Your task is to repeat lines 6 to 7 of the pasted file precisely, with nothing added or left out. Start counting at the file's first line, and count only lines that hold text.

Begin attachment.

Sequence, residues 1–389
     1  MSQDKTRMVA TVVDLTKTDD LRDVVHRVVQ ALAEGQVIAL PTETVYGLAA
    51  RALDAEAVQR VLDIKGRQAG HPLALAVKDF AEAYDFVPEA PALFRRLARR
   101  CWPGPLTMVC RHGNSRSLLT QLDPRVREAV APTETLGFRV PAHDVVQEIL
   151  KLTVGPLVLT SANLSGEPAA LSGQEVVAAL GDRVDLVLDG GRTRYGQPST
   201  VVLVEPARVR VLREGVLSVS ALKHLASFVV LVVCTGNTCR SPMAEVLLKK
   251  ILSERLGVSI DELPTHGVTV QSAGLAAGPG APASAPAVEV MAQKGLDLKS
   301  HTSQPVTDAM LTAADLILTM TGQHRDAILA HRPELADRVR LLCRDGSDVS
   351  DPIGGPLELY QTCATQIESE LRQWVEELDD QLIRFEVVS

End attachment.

   201  VVLVEPARVR VLREGVLSVS ALKHLASFVV LVVCTGNTCR SPMAEVLLKK
   251  ILSERLGVSI DELPTHGVTV QSAGLAAGPG APASAPAVEV MAQKGLDLKS